Taiwan leader defends China pact as protesters occupy parliament
Taiwan's President Ma Ying-jeou speaks during a press conference at the Presidential Palace in Taipei, on March 23, 2014 - by Mandy Cheng
Around 200 protesters, mostly young students, broke through security barriers and took over parliament's main chamber on Tuesday night and have remained there ever since -- the first such occupation of the building in the island's history.
"The student group have been occupying the parliament's main chamber in a manner violating the law, paralysing the legislature's operation for five days," President Ma Ying-jeou said at a press conference televised live.
"I must say that (the pact) is completely for the sake of Taiwan's economic future."
The agreement is designed to open up further trade in services between China and Taiwan, which split 65 years ago after a civil war.
But the protesters say the deal will damage Taiwan's economy and leave it vulnerable to political pressure from China, allegations rejected by Ma's ruling Kuomintang party, which warns that failure to ratify the agreement would be a grave setback in Taiwan's efforts to seek more free trade agreements.
Ma, who initiated Taipei’s much-touted detente with Beijing, refused to back down Sunday, terming the occupation of parliament as "illegal".
"Let us calm down and think carefully. Is this the democracy we want? Do we have to do in this way risking the rule of law," he said.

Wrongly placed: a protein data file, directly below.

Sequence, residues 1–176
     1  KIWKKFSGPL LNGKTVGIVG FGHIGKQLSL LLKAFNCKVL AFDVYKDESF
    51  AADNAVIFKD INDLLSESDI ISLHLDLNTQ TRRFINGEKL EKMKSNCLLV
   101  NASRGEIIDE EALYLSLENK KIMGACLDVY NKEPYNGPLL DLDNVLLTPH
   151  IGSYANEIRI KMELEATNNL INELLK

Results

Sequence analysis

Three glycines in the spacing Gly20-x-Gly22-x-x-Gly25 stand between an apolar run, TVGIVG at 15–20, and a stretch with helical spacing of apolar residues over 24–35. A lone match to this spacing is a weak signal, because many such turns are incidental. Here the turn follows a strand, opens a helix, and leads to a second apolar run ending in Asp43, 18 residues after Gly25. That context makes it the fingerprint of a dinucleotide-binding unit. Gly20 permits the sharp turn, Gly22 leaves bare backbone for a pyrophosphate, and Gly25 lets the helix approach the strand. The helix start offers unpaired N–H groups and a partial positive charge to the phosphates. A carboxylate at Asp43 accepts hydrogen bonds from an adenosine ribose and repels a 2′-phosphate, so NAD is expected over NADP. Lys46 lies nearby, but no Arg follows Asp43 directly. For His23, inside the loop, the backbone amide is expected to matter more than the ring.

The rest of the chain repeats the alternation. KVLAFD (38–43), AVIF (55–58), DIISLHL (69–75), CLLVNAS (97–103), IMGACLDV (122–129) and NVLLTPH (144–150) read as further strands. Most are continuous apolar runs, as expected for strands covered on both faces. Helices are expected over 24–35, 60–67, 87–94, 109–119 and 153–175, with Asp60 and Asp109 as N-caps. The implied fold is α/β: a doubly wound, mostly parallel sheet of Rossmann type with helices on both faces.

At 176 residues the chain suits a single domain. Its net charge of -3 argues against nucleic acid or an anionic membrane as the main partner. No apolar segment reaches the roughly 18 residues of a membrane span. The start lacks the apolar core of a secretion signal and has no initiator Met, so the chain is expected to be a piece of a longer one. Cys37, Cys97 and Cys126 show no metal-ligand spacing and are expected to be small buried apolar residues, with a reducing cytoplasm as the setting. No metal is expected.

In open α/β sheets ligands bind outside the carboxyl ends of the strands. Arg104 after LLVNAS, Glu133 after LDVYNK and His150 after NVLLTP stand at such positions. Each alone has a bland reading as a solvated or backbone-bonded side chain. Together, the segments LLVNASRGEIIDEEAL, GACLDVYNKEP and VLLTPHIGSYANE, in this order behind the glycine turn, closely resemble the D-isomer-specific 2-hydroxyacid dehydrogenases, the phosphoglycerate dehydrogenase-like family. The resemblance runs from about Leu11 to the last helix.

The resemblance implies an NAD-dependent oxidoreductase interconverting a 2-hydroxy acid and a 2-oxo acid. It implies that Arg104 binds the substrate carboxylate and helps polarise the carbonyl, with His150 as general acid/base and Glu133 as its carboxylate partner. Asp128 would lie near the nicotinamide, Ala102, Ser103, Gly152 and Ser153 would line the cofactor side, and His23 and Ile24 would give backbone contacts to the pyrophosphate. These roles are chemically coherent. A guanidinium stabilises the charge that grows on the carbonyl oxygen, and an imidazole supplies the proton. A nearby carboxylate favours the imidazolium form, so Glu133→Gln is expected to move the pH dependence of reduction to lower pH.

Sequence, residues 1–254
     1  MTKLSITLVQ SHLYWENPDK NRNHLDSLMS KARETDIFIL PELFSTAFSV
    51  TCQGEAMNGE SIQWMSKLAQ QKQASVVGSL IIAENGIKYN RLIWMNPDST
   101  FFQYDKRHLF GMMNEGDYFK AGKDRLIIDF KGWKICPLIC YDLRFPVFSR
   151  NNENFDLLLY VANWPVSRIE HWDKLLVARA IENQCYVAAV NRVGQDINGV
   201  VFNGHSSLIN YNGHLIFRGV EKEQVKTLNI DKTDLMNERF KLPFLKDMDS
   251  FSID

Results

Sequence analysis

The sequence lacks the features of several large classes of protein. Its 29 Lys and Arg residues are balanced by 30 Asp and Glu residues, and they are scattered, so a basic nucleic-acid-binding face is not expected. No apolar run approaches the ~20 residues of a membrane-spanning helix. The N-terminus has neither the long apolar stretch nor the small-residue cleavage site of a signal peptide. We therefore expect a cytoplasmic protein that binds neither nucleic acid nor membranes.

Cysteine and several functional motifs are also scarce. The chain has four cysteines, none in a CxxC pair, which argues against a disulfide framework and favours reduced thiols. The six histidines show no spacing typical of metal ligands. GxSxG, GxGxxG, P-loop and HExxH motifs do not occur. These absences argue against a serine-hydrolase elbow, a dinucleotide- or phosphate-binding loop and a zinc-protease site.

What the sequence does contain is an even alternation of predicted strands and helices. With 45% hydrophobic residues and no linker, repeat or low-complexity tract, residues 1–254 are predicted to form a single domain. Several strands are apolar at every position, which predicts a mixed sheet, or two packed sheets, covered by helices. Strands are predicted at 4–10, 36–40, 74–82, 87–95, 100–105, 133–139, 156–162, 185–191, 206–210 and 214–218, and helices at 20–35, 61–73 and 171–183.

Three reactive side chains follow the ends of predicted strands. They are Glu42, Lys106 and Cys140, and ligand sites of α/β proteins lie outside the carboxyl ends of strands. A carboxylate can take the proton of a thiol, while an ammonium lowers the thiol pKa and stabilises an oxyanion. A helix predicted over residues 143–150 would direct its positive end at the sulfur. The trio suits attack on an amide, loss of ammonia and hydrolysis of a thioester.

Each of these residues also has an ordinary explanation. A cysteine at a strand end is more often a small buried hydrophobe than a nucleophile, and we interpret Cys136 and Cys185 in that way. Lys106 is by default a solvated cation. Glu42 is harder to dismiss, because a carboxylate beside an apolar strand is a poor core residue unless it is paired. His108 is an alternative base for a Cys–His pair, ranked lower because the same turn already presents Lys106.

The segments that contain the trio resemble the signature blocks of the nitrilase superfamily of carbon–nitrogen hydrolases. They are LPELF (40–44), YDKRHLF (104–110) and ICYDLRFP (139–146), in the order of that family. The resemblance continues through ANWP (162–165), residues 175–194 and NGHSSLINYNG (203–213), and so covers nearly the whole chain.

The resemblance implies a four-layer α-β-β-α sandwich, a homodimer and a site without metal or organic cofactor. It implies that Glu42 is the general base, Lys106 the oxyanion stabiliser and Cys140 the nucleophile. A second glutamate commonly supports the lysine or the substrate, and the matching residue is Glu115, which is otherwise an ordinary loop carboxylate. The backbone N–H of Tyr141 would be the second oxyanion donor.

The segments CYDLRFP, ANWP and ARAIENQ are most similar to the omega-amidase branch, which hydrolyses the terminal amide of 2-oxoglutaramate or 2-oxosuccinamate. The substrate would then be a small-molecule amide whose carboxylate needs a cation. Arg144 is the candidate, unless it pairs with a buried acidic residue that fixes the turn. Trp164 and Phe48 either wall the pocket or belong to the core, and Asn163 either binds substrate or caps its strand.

"As the president of the Republic of China (Taiwan's official title), I have to insist on the rule of law while safeguarding democracy. This is the fundamental and unswerving position of the government."
Hundreds of police attempted to end the occupation hours after it began, but failed to push their way in with the protesters barricading the doorways with piles of armchairs.
Premier Jiang Yi-huah walked to the parliament building Saturday to hold the first direct dialogue between the government and protesters but failed to reach a breakthrough.
Jiang rejected demands to withdraw the agreement but said he would support calls for its thorough review by parliament as some protesters outside the buildings shouted "send back the pact".
The pact, signed in July, passed its first parliamentary hurdle on Monday after it was approved by a committee, but the opposition insisted the approval was illegal.
The deal is a follow-up agreement to a sweeping Economic Cooperation Framework Agreement signed in 2010 to reduce trade barriers between China and Taiwan.
Ma has overseen a marked thaw in relations with Beijing since he came to power in 2008, pledging to strengthen trade and tourism links.
But China still considers Taiwan as part of its territory awaiting reunification -- by force if necessary.
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